As educators, we make statements like these because we want to soften bad news or criticism, or we want to let our students know how they can continue to make progress. Unfortunately, using sentences containing “but” doesn’t do what we want, and may actually feel manipulative and dishonest to our students, which will cause them to resist us.

A Simple Fix

So what can we do instead? I suggest a simple word substitution. Any time you want to use the word “but,” substitute “next.”

“You did a great job on that writing assignment. Next, let’s work on some of those spelling words.”

“You got 99% of those questions right. Great job! Next, I’d like you to work on that last one again, and see if you can get it right, too.”

“You got ready for dismissal quickly. Thank you. Next, I’d like you to wait quietly.”

Words are important, and sometimes small changes make a big difference. Give it a try, and let me know how it goes.

Now go create a great day for yourself and your students!

Katrina Ayres, Positive Teaching Strategies

Additional Awesome Teacher Nation Resources

Books

  • Create a Great Day for Yourself and Your Students
  • 5-Minute Classroom Management Hints
  • The Take-Charge Teacher
  • All The Ways I Screwed Up My First Year of Teaching
  • The Classroom Teacher’s Coloring Book
  • The Classroom Teacher’s Coloring Book, Volume 2

VideosAwesome Teacher Nation TV videos, including:

  • Why Threats and Punishments Don’t Work
  • Saving Time on Paperwork and Grading
  • 7 Strategies to Deal With the Pencil Sharpener
  • What’s the BEST Classroom Management Strategy?

Online Courses

  • Taming the Chaos: How to Create and Effective Classroom Routine
  • Making Money as an In-Demand Substitute Teacher
  • A Day in the Life of a Substitute Teacher
  • The Substitute Teacher’s Troubleshooting Guide

Gain Instant Access to the Awesome Teacher Nation Resources Library

With Solutions for Administrators, Classroom Teachers, New Teachers, Substitute Teachers, and more

When Incentive Programs Backfire

This time of year, I see lots of incentive programs going on. Marbles in a jar to earn a class party. Table points to earn an extra recess. Class money that can be spent at a “store” at the end of the year. Tokens that go into a drawing for big prizes.

4 Ways Your Incentive Program Can Go Terribly WrongIncentives can definitely help students regain their focus, but they can also backfire big time, because incentives can feel like threats. “If you do X you will get Y” also implies that if you DON’T do X, you WON’T get Y. This can lead to all kinds of problems, including:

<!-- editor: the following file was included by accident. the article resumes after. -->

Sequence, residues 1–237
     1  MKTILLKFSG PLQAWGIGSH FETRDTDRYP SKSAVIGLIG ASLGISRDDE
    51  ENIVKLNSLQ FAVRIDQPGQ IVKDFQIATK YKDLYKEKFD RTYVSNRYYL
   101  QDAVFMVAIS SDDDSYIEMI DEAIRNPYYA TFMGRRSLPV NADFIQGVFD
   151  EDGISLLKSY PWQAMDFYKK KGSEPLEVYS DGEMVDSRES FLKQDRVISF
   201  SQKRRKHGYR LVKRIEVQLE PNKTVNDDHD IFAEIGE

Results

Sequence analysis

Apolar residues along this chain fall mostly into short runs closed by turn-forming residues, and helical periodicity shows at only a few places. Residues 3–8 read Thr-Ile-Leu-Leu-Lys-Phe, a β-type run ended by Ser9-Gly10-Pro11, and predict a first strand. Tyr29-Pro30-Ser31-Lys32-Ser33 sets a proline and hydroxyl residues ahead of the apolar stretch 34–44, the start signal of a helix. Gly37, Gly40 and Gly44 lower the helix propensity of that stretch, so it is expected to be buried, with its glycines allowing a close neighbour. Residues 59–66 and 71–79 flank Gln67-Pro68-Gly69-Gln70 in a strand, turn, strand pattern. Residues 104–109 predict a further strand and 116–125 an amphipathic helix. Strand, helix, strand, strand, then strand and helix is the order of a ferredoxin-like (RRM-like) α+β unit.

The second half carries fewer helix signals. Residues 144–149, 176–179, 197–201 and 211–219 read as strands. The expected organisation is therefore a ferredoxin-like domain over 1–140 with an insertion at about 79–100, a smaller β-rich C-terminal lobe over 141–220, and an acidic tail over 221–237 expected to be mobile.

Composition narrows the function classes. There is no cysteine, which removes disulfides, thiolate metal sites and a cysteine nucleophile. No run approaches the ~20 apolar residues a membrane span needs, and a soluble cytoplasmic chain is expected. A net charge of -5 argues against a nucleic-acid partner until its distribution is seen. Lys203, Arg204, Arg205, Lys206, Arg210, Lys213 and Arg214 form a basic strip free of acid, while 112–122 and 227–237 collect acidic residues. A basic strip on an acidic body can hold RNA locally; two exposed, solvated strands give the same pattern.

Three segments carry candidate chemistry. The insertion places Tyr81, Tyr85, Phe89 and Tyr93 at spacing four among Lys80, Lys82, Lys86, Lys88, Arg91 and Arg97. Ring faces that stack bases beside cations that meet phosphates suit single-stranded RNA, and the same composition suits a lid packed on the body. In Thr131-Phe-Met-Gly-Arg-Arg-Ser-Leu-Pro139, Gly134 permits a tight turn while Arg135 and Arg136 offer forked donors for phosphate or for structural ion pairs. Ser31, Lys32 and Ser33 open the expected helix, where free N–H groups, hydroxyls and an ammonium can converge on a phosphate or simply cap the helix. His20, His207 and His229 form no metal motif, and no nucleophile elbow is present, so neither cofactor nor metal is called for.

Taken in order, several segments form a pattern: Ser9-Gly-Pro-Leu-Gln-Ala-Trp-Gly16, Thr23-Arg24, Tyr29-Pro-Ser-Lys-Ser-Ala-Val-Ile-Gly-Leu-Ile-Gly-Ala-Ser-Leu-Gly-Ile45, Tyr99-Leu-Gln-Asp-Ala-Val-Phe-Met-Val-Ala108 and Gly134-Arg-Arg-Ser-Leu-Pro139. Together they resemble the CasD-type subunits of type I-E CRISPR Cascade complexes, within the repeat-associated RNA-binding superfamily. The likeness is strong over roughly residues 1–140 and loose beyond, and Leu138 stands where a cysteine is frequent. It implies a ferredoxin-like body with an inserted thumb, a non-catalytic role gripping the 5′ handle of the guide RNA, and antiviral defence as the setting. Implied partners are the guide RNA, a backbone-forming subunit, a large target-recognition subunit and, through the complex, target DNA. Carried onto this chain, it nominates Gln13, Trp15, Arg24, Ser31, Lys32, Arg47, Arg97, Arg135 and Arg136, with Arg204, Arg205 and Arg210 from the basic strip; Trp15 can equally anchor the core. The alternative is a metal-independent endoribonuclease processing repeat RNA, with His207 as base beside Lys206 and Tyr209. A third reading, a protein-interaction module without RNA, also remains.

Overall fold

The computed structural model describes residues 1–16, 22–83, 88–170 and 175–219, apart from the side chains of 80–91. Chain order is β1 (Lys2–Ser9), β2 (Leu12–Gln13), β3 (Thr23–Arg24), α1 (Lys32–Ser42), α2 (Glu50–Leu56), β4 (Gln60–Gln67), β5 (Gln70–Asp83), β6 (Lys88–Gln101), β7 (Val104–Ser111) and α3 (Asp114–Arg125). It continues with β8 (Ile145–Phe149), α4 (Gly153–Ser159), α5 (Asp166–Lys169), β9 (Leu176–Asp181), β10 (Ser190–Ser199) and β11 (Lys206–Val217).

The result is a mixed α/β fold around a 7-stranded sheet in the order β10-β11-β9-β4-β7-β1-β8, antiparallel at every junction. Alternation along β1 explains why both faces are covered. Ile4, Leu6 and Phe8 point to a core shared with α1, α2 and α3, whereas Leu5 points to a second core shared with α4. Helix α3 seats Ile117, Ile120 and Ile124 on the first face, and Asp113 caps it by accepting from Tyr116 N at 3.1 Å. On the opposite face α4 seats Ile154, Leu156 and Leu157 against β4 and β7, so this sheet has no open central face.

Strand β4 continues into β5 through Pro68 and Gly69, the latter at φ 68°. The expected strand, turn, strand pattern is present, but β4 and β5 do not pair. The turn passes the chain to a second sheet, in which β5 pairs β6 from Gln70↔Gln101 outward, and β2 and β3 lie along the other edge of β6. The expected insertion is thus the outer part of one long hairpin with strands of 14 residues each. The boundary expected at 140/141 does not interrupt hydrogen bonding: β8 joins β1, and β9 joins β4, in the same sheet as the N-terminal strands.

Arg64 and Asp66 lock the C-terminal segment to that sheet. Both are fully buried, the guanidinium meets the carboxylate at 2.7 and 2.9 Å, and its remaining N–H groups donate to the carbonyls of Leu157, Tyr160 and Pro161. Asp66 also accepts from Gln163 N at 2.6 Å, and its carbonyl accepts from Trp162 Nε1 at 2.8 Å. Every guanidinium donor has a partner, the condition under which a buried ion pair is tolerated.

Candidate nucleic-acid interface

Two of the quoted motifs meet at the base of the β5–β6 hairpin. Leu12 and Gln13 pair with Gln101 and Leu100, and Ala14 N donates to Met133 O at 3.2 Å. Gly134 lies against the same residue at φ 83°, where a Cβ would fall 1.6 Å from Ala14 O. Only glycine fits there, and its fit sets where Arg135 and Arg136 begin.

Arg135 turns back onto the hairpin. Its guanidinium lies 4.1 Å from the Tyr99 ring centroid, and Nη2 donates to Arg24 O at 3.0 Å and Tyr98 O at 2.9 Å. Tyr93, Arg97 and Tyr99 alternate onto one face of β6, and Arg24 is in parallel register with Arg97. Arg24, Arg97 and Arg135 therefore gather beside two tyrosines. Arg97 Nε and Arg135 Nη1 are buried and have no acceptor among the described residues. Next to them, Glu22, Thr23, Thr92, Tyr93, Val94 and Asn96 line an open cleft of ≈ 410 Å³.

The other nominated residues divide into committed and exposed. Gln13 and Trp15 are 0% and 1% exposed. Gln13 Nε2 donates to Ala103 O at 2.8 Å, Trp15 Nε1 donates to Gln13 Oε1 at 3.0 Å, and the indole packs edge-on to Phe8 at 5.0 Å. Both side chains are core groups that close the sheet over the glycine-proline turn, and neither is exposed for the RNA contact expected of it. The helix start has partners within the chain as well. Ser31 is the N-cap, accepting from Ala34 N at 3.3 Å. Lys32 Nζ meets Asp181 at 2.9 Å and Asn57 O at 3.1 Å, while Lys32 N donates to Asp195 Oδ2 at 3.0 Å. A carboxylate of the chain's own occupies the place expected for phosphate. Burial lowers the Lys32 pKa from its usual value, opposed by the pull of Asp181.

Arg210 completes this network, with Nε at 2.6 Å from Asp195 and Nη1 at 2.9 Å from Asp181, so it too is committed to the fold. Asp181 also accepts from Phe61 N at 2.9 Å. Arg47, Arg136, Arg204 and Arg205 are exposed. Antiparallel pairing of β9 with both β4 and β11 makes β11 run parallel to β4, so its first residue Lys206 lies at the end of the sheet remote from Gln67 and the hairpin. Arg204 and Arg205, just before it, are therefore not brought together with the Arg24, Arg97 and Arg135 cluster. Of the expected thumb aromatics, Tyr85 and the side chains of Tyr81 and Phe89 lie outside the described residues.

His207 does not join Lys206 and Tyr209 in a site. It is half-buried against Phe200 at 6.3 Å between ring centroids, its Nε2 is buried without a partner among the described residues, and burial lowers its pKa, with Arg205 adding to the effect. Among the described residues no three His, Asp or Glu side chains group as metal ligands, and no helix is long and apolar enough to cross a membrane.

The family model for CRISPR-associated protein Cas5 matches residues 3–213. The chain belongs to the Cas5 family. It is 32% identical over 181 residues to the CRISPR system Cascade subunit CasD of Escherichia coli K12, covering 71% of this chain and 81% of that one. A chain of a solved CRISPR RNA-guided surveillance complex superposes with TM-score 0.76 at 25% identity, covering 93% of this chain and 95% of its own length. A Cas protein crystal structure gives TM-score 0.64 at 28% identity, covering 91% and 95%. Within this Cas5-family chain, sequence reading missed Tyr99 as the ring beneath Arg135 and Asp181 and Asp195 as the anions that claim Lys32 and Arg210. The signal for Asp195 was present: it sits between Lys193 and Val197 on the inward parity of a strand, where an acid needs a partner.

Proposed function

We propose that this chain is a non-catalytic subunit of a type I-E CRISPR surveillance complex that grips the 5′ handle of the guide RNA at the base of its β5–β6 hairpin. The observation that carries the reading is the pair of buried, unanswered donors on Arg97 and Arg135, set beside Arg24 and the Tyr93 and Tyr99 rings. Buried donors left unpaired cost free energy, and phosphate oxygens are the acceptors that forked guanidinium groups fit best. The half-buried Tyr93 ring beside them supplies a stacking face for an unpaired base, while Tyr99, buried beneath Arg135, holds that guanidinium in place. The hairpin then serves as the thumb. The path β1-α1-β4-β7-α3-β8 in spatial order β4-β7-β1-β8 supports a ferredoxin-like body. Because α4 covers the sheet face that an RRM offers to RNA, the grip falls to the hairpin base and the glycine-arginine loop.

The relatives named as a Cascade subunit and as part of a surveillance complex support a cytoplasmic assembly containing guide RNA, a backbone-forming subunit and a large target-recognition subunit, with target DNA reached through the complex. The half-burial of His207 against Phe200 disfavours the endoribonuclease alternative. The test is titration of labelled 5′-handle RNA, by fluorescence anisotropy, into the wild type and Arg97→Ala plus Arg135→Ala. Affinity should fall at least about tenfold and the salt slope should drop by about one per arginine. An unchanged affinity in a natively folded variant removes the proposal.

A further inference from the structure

Incentives Are Only For Good Kids

  1. The perception that the incentive program is only for the “good” kids. Students who struggle with their behavior anyway will have a hard time earning the incentive. They may decide to give up without even trying.Incentive Feels Like a Threat
  2. A damaged teacher-student relationship. Students often associate the bad feeling of the threat with the person who made it (the teacher.) This is especially true if the student’s behavior keeps the whole class from winning the reward.The Spoiler
  3. An opportunity for attention-seeking behavior. Many times the student will get more attention from the teacher and the other students for NOT going along with the program. Think about it. Which student is getting lots of reminders?Students Who Cheat on Incentive Programs
  4. Cheating, stealing, and bullying. I once had a counterfeiter in my room when I had a class money system. I’ve also had reports of missing money, bribes, and extortion. If it can be done with real money, it can be done with fake money or tokens. Marbles can be added to that jar when you aren’t looking, too.

Watch Classroom Incentive Programs That Backfire on Awesome Teacher Nation TVIf we are going to use them, incentive programs need to be failure-proofed as much as possible. One way to do this is to avoid programs that encourage students to compete against each other. I prefer systems where individuals earn points that go toward a whole class reward.

Another failure-proofing method is to allow for partial credit. Instead of offering all-or-nothing rewards like “If everyone makes it to class on time, you will earn a class point,” offer two points instead. Then even if everyone doesn’t make it, you have the freedom to say, “Almost the whole class was here on time, so I’m going to give us one point this time. Thank you to those who made it.” This takes the attention away from the students who came late and acknowledges those who came on time.

Then if you want to take it a step further, you can offer a side deal for students who struggle. Take them aside and offer a bonus point for the class if THEY come to class on time. Do this privately so they will not feel threatened. Now they can’t mess it up if they fail AND they can help everyone if they succeed.

Have you ever had an incentive program backfire? If so, what did you do about it? As always, I’d love to hear from you!